Robert Gates Says Power Can Skew a General’s Judgment

Robert Gates, the former U.S. defense secretary and CIA director, said the perquisites of power can warp the judgment of high-ranking officials.

“There is something about a sense of entitlement and of having great power that skews people’s judgment,” Gates said today at a conference in Chicago, while specifying he wouldn’t talk about the downfall of retired Army General David Petraeus, who also served as head of the Central Intelligence Agency.

Petraeus stepped down on Nov. 9 after an FBI inquiry uncovered an extramarital affair. Gates cited recent cases of generals criticized for lavish spending of public funds.

“There is a temptation to take all these perks to the next level,” Gates, who is chancellor of the College of William & Mary in Williamsburg, Virginia, said at the conference for investment advisers sponsored by Charles Schwab Corp.

Calling the benefits available to high-ranking officers the “third rail,” Gates said, “Maybe if I had stayed longer I would have tackled it, but I didn’t want to take it on.”

As the civilian defense secretary, Gates said he lived on a military base in Washington next door to Admiral Mike Mullen, chairman of the Joint Chiefs of Staff.

“I was often jealous because he had four enlisted people helping him all the time,” Gates said. He said he would tell his wife: “Mullen’s got guys over there who are fixing meals for him, and I’m shoving something into the microwave. And I’m his boss.”

Ethics Review

The Pentagon announced today that Defense Secretary Leon Panetta has ordered a review of training programs and ethics guidelines for military officers to ensure that they understand their responsibilities.

The review wasn’t related to the Petraeus case and “was going to happen anyway,” Pentagon spokesman George Little told reporters traveling with Panetta in Bangkok.

When ethical lapses occur, “they have the potential to erode public confidence in our leadership and in our system for the enforcement of our high ethical standards,” Panetta wrote in a memo directing Army General Martin Dempsey, chairman of the Joint Chiefs of Staff, to conduct the review. “Worse, they can be detrimental to the execution of our mission to defend the American people.”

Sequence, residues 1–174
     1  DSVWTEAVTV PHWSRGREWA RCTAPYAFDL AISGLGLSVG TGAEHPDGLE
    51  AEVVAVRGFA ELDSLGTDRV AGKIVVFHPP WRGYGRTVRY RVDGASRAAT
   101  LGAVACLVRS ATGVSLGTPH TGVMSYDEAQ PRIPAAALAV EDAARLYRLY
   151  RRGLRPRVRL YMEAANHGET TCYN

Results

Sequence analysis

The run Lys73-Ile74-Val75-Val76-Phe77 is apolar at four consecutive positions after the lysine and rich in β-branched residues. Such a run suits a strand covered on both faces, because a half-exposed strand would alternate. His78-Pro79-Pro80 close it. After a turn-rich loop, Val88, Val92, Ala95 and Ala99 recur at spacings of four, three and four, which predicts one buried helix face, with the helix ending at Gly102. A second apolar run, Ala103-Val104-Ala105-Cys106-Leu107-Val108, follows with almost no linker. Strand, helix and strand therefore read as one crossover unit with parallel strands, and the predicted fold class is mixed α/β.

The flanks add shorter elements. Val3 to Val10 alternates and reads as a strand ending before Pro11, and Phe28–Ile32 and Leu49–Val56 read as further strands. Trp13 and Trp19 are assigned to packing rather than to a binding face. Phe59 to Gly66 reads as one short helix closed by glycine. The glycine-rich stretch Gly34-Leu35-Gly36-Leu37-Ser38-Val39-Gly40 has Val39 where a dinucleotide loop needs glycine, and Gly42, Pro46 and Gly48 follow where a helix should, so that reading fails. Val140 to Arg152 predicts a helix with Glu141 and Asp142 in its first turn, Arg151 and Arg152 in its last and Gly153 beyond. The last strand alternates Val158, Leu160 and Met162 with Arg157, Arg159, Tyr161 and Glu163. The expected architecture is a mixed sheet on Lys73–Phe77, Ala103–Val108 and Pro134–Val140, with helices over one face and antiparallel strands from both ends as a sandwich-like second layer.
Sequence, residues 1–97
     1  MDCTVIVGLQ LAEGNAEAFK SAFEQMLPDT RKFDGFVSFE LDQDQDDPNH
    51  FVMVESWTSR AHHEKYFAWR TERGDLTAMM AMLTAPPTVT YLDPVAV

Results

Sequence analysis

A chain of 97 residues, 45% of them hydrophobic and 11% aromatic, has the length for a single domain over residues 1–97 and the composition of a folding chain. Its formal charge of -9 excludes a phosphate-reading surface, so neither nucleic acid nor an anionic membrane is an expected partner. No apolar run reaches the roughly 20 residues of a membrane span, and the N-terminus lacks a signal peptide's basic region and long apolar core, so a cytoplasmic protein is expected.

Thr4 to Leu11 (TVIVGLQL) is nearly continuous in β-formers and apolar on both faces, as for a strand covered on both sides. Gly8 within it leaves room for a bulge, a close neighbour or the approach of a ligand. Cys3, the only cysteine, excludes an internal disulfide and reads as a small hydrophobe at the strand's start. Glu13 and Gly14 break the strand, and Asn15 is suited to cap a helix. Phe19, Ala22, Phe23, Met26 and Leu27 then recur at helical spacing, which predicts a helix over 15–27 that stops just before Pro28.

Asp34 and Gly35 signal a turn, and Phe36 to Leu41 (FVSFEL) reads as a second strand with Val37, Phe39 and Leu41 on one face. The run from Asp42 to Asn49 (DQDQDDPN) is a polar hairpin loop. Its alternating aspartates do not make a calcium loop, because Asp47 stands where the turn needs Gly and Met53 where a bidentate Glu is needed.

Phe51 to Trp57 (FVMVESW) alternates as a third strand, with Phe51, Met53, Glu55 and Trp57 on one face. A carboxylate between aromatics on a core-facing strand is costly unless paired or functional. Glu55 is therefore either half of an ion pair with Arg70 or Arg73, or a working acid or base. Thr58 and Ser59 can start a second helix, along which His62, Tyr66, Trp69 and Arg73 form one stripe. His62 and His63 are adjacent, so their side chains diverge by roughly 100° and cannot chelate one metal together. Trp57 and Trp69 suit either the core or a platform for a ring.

The Federal Bureau of Investigation probe uncovered the affair involving Petraeus, who gained fame as the general leading U.S. forces in the Iraq and Afghanistan wars. It also unearthed e-mails between Jill Kelley, a friend of Petraeus, and Marine Corps General John Allen.

Allen Inquiry

Panetta has ordered an inspector general’s investigation of Allen, commander of the International Security Assistance Force in Afghanistan. Some of the e-mails between Allen and Kelley were described as flirtatious by a defense official, who spoke on condition of anonymity because of the pending inquiry.

Allen “intends to fully cooperate” with the inspector general’s investigation and has directed his staff to do so as well, according to a statement from his lawyer, Marine Colonel John Baker.

Questions about the conduct of senior U.S. military officers were reinforced by the Nov. 13 demotion of the former head of the U.S. Africa Command, Army General William Ward, who was found to have spent thousands of dollars of taxpayer money on unofficial travel and other unauthorized expenses.

He will be forced to retire as a three-star lieutenant general and repay the government about $82,000, the Pentagon said.

Ward, 63, who served as the first commander of Africa Command until last year, “engaged in multiple forms of misconduct related to official and unofficial travel,” wasted government money and “misused his position,” according to a redacted version of an inspector general’s report obtained in August through a Freedom of Information Act request.

Ward denied wrongdoing in a letter to the inspector general cited in the report.

Before it's here, it's on the Bloomberg Terminal. LEARN MORE